When Joanna told me that Bojangles, or "Mr. Bo" as he is usually called, was stuck in a tree again, I immediately began to reflect back on his first rescue. Before that rescue, she had warned me that, despite his normally sweet and gentle nature, his disposition can turn particularly grouchy at times. When she takes him to the vet, for example, he becomes so wild and uncontrollable that the vet must sedate him first. So I was surprised on that first rescue when Bo came straight to me and made friends with me right away with no troubles. Since I was afraid that he would have a negative reaction to the carrier, I chose to bag him instead. But that did not go well. Bo began to express his displeasure, and my cat bag got twisted. While I struggled to get the bag straight and to contain Bo, I lost control of him, and he fell out of the bag to the ground. He was fine, but ever since then I have felt badly about losing control of him. I was determined that this second rescue would be much more pleasant for him.
Silly me. Since he made friends with me right away that first time, I was expecting him to do the same this second time, and, since he was on the same limb of the same tree as before, I had visions of bringing him down in my lap. Unfortunately, by the time I arrived, Bo was up much higher in the tree, and a lap rescue was no longer feasible. Even worse, it appeared that Bo remembered me and what I did to him last time. Sniffing my hand was as close as he would get to making friends with me again, and every attempt to touch him or even move my hand close to him was immediately rejected with an angry, menacing, screaming snarl with mouth open and ready to bite. Offers of food had no effect on his dim view of me, so, after several minutes of failure in my attempts to earn his trust, I was forced to concede that there would be no making friends or lap rescue this time.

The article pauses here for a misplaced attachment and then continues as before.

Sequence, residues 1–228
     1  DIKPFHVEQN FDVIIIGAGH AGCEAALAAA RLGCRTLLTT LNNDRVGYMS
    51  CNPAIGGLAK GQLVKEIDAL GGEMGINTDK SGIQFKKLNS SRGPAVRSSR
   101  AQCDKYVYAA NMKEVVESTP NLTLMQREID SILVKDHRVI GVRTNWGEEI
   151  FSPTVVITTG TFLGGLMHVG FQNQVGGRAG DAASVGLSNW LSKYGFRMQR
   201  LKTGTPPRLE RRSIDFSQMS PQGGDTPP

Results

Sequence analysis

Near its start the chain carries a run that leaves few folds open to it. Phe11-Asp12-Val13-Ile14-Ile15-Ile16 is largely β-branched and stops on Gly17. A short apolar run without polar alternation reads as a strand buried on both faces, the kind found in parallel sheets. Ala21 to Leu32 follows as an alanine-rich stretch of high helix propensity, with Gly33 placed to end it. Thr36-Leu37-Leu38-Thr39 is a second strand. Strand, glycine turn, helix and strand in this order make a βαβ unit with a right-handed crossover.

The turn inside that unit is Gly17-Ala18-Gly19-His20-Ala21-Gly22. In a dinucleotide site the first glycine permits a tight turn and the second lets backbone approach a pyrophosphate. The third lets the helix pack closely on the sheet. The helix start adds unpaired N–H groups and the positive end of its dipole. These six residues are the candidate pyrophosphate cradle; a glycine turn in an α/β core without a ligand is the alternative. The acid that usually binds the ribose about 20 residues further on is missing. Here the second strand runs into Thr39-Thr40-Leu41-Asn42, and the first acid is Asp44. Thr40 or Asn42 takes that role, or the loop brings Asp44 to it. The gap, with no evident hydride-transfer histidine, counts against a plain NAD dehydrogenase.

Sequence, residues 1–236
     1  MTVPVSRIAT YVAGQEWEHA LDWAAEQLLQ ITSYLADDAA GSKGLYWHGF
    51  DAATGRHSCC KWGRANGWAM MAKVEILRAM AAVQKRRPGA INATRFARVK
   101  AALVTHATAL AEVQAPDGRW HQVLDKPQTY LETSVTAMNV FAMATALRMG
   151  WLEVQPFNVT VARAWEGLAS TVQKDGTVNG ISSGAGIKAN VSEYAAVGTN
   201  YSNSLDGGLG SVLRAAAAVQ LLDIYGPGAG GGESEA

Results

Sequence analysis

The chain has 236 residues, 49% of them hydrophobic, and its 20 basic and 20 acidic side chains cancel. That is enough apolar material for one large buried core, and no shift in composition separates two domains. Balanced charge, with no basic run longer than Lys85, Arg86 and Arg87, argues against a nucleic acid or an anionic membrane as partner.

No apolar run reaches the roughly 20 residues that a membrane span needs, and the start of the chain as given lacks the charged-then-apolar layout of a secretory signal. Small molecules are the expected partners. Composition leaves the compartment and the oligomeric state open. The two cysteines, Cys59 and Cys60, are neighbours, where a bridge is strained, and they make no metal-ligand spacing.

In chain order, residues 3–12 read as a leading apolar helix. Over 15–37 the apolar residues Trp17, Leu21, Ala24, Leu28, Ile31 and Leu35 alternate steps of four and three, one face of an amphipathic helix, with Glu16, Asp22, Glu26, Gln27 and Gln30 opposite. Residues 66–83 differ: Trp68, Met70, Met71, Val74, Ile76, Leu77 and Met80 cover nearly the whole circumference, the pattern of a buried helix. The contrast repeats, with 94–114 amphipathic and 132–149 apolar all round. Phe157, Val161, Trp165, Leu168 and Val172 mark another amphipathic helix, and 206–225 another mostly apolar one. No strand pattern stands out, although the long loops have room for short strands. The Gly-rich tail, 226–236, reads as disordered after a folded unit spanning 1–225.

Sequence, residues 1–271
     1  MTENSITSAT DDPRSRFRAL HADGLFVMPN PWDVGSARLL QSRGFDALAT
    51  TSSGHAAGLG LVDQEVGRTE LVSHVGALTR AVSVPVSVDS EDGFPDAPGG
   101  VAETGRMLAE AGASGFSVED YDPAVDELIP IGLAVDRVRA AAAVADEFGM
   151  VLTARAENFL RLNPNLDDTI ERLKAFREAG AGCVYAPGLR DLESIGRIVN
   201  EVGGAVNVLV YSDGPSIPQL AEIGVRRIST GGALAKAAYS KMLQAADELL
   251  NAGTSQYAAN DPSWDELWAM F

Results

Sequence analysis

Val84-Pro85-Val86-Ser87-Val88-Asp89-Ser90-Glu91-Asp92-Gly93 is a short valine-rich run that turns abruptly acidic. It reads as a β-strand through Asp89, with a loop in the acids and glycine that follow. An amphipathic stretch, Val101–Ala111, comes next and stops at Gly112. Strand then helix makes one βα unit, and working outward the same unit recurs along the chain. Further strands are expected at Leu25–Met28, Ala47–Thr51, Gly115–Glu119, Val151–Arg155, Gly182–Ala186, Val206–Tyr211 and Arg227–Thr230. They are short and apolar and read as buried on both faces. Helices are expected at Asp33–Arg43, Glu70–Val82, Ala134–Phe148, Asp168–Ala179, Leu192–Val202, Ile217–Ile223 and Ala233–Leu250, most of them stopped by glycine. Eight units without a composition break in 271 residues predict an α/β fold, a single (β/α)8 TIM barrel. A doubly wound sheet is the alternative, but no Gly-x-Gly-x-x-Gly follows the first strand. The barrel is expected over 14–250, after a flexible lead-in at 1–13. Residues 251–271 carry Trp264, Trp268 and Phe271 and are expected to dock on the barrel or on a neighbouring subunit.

I still had hopes that a carrier rescue was possible. He was very uncomfortable with his body resting in a fork with no good places to place his feet, so I felt sure that he would find the large, flat floor of a carrier to be very appealing. I held the open carrier up to him, and he did seem to find it at least interesting, but he would not go inside. Since this was the only good option I had left, I tried several times. He was a bit reluctant to go inside, so I gave him plenty of time to think about it. I held the carrier up to him with tiring arms for several minutes, and he finally began to show some slow movement toward it. Some cats I have rescued walk straight inside the carrier with no hesitation. Others need more time, and will go inside slowly and cautiously. Bo, however, brought the pace of movement down to its utmost extreme. While I stood there holding the carrier above my head, Bo moved at a glacial pace with occasional bursts of speed up to a snail's pace. First, one front paw went inside, then slowly he advanced the other front paw inside. Each movement of a millimeter required several seconds of rest to make sure everything still appeared safe. After several minutes, he eventually progressed to the point that he was halfway inside. At that point, however, he decided he did not like this and backed out.